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Ruby Programming with Static Type Checking

Ruby Programming with Static Type Checking

At Fog City Ruby Meetup.

Soutaro Matsumoto

August 15, 2018

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  1. Ruby Programming with Static Type Checking Soutaro Matsumoto

  2. None
  3. @soutaro on GitHub/Twitter

  4. from Tokyo, Japan

  5. CTO at Sider,
 an automated code review service

  6. Steep, Gradual Typing for Ruby

  7. –Matz (RubyKaigi 2016) “We need something similar to static type

  8. Type Checkers for Ruby • Steep: https://github.com/soutaro/steep • Sorbet: https://sorbet.run

    • RDL: https://github.com/plum-umd/rdl • mruby-meta-circular: https://github.com/miura1729/ mruby-meta-circular
  9. None
  10. What is Type Checking • A program verification based on

    type system (without executing the program) • Detect some kind of errors: NoMethodError, ArgumentError, null dereferencing, ... • You can do that with tests (but they depend on execution paths)
  11. Type Checking for Ruby • Pros • Confidence that your

    program won't raise the errors (correctness) • Cons • Sacrifice some flexibilities of Ruby programming • Extra declaration or annotation of types
  12. Type Checking Properties • Correctness: If type checking says your

    program is ok, no runtime error will be raised during execution • Flexibility: Type checker can accept more Ruby programs • Number of annotations: Ruby programmers don't want to write type annotations
  13. Designing Type Checker • Keep it as correct as possible

    • More flexibility with annotations • Declare type of classes/modules/methods explicitly • Write type annotations in Ruby code if necessary (local type inference to minimize # of annotations) • Steep follows this strategy
  14. Steep Quick Tour 1. Write type definitions 2. Write Ruby

    code 3. Write type annotations if necessary 4. Run type checker $ gem install steep https://github.com/soutaro/steep
  15. Write Type Definitions class Meetup attr_reader talks: Array<Talk> attr_reader capacity:

    Integer @all_attendees: Array<Attendee> def initialize: (capacity: Integer, talks: Array<Talk>) -> any def each_attendee: { (Attendee) -> void } -> void | -> Enumerable<Attendee, void> def <<: (Attendee) -> self def attending?: (Attendee) -> bool def spots_left?: () -> bool end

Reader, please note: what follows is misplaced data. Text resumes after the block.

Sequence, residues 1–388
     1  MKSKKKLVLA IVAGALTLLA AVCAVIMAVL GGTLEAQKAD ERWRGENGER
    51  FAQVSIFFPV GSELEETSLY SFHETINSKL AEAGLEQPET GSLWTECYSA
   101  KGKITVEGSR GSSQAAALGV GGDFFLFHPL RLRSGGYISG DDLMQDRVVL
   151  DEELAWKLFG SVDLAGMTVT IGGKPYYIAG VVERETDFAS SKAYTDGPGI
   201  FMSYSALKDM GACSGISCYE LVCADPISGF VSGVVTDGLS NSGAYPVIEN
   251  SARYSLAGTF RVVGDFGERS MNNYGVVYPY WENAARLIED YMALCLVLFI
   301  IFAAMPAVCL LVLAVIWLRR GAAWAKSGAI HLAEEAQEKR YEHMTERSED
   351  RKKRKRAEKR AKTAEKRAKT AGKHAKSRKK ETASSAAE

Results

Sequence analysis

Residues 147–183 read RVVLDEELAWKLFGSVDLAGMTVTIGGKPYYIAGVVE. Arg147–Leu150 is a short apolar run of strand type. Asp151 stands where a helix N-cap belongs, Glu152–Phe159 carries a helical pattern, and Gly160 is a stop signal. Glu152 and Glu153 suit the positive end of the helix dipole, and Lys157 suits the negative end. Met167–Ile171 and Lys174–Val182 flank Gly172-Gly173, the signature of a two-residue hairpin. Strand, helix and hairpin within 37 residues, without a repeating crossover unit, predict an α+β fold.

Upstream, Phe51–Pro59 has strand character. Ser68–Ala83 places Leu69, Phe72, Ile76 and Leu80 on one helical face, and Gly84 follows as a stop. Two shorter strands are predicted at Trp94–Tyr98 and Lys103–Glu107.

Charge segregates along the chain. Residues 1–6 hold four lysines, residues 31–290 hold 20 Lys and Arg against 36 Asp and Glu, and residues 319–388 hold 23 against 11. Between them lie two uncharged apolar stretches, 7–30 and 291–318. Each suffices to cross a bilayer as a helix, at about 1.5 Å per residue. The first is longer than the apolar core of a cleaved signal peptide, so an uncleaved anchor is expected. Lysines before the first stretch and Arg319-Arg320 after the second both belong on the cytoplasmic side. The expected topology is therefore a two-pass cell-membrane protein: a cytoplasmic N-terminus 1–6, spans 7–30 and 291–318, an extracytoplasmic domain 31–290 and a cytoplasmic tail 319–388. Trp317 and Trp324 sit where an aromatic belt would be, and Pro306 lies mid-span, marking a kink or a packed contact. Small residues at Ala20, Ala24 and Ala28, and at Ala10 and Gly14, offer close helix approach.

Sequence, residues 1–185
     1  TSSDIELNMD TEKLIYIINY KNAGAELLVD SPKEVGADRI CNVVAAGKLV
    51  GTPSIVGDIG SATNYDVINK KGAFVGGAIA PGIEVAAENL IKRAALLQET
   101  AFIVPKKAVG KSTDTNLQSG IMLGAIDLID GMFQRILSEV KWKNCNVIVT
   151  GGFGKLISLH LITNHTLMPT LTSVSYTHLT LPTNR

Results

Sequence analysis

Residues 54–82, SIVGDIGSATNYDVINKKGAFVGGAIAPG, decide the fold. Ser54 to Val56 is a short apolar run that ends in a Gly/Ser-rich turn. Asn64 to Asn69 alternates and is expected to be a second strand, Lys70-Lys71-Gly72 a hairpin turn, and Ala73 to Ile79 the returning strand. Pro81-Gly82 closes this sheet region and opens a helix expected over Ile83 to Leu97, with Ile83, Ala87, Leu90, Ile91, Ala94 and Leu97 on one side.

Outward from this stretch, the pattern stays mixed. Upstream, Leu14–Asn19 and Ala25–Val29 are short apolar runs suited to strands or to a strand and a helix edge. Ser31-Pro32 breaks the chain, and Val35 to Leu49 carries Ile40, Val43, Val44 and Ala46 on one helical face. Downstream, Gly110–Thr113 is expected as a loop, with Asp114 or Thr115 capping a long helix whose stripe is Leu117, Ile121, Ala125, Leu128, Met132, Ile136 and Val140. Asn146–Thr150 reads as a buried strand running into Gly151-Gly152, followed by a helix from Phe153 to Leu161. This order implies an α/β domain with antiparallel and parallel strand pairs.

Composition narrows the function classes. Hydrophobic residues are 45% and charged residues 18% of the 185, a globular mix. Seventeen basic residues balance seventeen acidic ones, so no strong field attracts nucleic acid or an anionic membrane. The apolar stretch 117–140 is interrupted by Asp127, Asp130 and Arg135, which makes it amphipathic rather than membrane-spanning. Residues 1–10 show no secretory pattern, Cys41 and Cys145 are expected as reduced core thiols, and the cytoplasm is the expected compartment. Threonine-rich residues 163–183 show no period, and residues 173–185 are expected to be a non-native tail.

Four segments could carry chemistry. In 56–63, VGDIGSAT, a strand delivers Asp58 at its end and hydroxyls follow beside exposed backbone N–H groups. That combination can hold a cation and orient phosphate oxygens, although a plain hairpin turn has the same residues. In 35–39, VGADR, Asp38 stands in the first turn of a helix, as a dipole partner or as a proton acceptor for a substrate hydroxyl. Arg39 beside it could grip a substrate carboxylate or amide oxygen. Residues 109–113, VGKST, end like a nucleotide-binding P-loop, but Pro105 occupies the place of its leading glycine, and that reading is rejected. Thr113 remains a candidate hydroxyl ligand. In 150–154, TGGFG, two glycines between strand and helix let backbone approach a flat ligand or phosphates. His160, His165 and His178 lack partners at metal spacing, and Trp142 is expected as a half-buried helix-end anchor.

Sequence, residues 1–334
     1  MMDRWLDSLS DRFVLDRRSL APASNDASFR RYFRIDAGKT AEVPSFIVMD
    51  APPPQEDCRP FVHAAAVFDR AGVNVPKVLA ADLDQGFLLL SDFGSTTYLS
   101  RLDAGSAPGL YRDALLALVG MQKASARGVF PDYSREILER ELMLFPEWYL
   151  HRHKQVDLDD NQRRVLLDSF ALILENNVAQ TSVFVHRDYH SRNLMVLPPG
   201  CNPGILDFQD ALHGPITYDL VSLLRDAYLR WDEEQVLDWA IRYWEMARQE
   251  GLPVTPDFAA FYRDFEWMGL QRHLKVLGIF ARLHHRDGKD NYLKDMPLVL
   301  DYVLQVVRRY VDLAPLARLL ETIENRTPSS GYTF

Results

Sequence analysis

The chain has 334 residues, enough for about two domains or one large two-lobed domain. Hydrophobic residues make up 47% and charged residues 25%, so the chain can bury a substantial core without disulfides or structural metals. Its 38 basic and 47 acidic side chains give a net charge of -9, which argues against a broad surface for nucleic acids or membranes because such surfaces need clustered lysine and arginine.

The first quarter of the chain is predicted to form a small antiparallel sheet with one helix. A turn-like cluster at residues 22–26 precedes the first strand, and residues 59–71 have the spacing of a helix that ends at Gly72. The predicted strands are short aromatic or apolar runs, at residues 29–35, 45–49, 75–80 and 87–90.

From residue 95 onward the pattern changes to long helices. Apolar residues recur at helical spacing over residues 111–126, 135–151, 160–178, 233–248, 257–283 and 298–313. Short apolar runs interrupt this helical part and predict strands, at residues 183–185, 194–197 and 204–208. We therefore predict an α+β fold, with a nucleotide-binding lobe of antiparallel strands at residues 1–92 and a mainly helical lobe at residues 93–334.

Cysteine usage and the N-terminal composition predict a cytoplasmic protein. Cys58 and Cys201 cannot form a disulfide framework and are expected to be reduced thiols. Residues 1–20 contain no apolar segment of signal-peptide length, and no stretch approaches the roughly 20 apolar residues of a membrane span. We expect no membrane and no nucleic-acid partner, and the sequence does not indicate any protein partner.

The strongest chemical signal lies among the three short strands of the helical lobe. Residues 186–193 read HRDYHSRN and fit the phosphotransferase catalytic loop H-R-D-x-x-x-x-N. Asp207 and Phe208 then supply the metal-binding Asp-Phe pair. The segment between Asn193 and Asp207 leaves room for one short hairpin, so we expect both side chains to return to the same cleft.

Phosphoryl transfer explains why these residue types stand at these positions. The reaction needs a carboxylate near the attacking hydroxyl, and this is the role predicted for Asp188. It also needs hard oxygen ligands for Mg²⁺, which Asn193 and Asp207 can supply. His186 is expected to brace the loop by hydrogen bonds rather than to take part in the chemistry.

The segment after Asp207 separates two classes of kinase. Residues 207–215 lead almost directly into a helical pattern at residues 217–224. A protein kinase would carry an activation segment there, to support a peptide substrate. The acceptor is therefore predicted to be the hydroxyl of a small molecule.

16. Write Ruby Program class Meetup def spots_left? @attendees.size < capacity

    end def <<(attendee) raise "Meetup is full!" unless spots_left? raise "Already registered!" if attending?(attendee) @attendees << attendee self end def attending?(attendee) each_attendee.include?(attendee) end ... end
  17. Write Ruby Program def spots_left? @attendees < capacity end meetup.rb:3:4:

    NoMethodError: type=::Array<::Attendee>, method=< (@attendees < capacity)
  18. Write Type Annotations • Some Ruby code requires type annotations

    (or casts) # @type var attendees: Array<Attendee> attendees = [] attendees.push Attendee.new(...) # @type var number: Integer number = object.__send__(:to_i) # @type var number: Integer number = _ = "string"
  19. Ruby Programming with Steep • Does it support duck typing?

    • Types of gems? • Linters and editors? • Is type checking required?
  20. Duck Typing? • Object types are type checked with the

    methods and their types class Attendee def join(collection) collection << self end ... end attendee.join(Meetup.new) # OK attendee.join([]) # OK attendee.join("") # Error Any object is ok if it has << operator which accepts Attendee
  21. Duck Typing? • Meetup#<<: (Attendee) -> Meetup • Array<Attendee>#<<: (Attendee)

    -> Array<Attendee> • String#<<: (String) -> String interface _Attendable def <<: (Attendee) -> self end class Attendee def join: (_Attendable) -> void ... end
  22. Types of Gems? • Some gems will ship with their

    type definitions • I'm planning to have community managed type definition repository: major gems will have type definitions • We will have to write type definitions by ourselves for minor gems
  23. Linters and Editors • They will be smarter if integrated

    with Steep • They will know types of variables and expressions • Smarter auto-completion • Better refactoring support • More suggestions for improvements
  24. Is Type Checking Required? • No, it's optional for Ruby

    • There are several levels how you adapt to type checking: • Type check all of your code • Type check part of your code (some .rb files) • Declare types but skip checking implementation • No type declaration but checks your code against gem types • No type checking at all
  25. Conclusion • We are working for type checking for Ruby

    • There are some projects related to types for Ruby • Looking forward to hearing feedbacks from you